New un-confirmed data says Earth-sized planets are extremely common

Kepler Scientist: 'Galaxy is Rich in Earth-Like Planets'

While the data hasn't been confirmed by NASA yet, and the numbers are still being officially crunched, preliminary findings leaked by a Kepler scientist suggest that Earth-sized worlds are very common.

"The statistical result is loud and clear. And the statistical result is that planets like our own Earth are out there. Our Milky Way galaxy is rich in these kinds of planets." --Dimitar Sasselov

A graph of planet sizes:

X-posted in Atheists who love Science and the Origins groups.

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Replies to This Discussion

Actually it will be short for the crew due to length contraction. We'd say it seemed short for them due to time dilation, but their perspective, when talking about how things'd be for them, is the relevant one.

Specifically, that is that objects traveling relative to an observer appear to shorten along their line of travel (because the events of the arrivals of their front and back ends at such-and-such a point get distorted). Because of this, as the universe travels relative to the crew in the ship, the astronomical distance between start and end will appear to shrink; although the apparent speed of the ship relative to the universe according to the observers in the ship (the same as the apparent speed of the universe relative to the ship according to the observers in the ship (since they'll still actually know that they're more guilty of travel than the universe)) will still be less than that of light, with the decrease in the distance to travel in their reference frame, they'll thus get there relatively quickly because it's rather close. However, yes, to us they'll get there in little time (to them) because of the time dilation which, in our reference frame, will occur to them.
Actually, there are many problems with approaching the speed of light. The big one is the Doppler Effect. Normal light Dopplers up into the frequency of ... cosmic rays, I think it was. When you hit something like 40% - 60% of the speed of light, it starts becoming deadly to organic life.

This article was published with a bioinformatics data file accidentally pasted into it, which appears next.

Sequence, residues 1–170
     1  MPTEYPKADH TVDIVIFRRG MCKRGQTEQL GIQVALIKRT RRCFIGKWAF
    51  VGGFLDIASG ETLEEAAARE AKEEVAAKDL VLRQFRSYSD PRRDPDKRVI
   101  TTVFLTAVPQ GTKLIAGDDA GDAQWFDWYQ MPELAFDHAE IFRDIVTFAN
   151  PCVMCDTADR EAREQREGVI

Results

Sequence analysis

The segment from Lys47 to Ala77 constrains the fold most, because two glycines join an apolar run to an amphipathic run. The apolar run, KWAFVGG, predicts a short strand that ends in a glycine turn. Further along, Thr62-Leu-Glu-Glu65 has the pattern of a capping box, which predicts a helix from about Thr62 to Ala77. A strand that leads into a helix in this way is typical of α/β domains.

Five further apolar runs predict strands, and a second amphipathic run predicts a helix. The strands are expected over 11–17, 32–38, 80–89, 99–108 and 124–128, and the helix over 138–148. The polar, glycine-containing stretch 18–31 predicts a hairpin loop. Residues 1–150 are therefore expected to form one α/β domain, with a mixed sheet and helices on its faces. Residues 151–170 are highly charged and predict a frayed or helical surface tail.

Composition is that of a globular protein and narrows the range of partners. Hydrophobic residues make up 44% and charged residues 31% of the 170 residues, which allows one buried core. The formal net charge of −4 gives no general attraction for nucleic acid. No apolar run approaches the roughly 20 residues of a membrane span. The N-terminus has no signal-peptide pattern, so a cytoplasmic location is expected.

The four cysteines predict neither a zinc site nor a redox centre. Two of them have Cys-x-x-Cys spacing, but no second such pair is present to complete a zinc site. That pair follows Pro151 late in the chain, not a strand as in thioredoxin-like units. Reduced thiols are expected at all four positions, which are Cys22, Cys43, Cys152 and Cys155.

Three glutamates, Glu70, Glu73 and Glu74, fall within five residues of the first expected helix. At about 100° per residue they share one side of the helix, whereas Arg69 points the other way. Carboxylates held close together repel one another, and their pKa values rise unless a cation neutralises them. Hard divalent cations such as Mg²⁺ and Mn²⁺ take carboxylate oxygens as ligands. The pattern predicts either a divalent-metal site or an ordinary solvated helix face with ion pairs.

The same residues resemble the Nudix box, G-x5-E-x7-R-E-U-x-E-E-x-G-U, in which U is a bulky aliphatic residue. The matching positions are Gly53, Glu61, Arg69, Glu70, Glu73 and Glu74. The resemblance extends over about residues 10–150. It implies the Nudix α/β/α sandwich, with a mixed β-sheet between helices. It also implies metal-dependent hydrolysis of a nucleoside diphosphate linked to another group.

I don't remember all of the details. I saw the stuff in a few specials, several years ago. Can anyone help me out?
Space radiation is a problem when you leave the Earth's magnetic field...regardless of how fast you are going. Additionally, there's a huge problem with debris putting a hole in your hull. These are just engineering challenges though, and there are already some workable solutions being tossed around as we'll need to deal with them just to get to Mars.
Yeah, but there was something about the frequency dopplering up into levels that will allow it to penetrate the hull of just about any material we could make the ship out of, at a certain percentage of the speed of light. Meh, gonna have to go on a research binge. It was too long ago that I saw the special.
Well, it essentially comes down to masses of redundancies. That's what it's like, getting to the moon. They had triple, quadruple, and quintuple redundancies of critical systems. We'll do the same thing, with newer technology, for a mission to Mars. It's a huge deal, and it will cost a lot, but it's doable.
Eh, life on this planet will survive just about any asteroid. We won't, but life in general will.

There are plans to try and get some spectroscopic readings on these planets to look for water and molecular oxygen and the like.
In case this leads--as well it should--to us finding life all over the place in space, we should get to looking in the various holy books that creationist equate to their various gods for whatever lines they'll use to support their beliefs and get to debunking them early. Let's beat them to the punch--as well as to the plate of tiny sandwiches.
A bucket of water.

Given that the talk wound up receiving significant coverage in the press, NASA also convinced Sasselov to post a clarification on the Kepler blog. In it, he helpfully points out that he was using a very liberal definition of "habitable" in his talk. There's a big difference between Earth-sized and Earth-like. Even then, by a lot of criteria, Venus is pretty Earth-like, but has a surface temperature that can melt lead.
Well yeah, the planets still need to be within the appropriate distance band from their sun, have a workable atmosphere, and such. You're looking at a VERY unlikely set of circumstances on any given planet. It's just that there are so many planets, each of which gets a roll of the dice.

Probability says there's other intelligent life out there somewhere. Probability also says that it's too far away for it to matter.
I think we already knew this, or at least knew it was possible. From the data, all I saw was planet size. As far as I know, we don't have environmental data on any of the planets yet to tell the difference between a Venus and a Mars.

Thanks for the link though.
In order to keep the air it would need an atmosphere.
The core of Mars is cold, meaning it has no magnetic field to protect the planet from solar winds. That, plus its low gravity, greatly limits its atmosphere.



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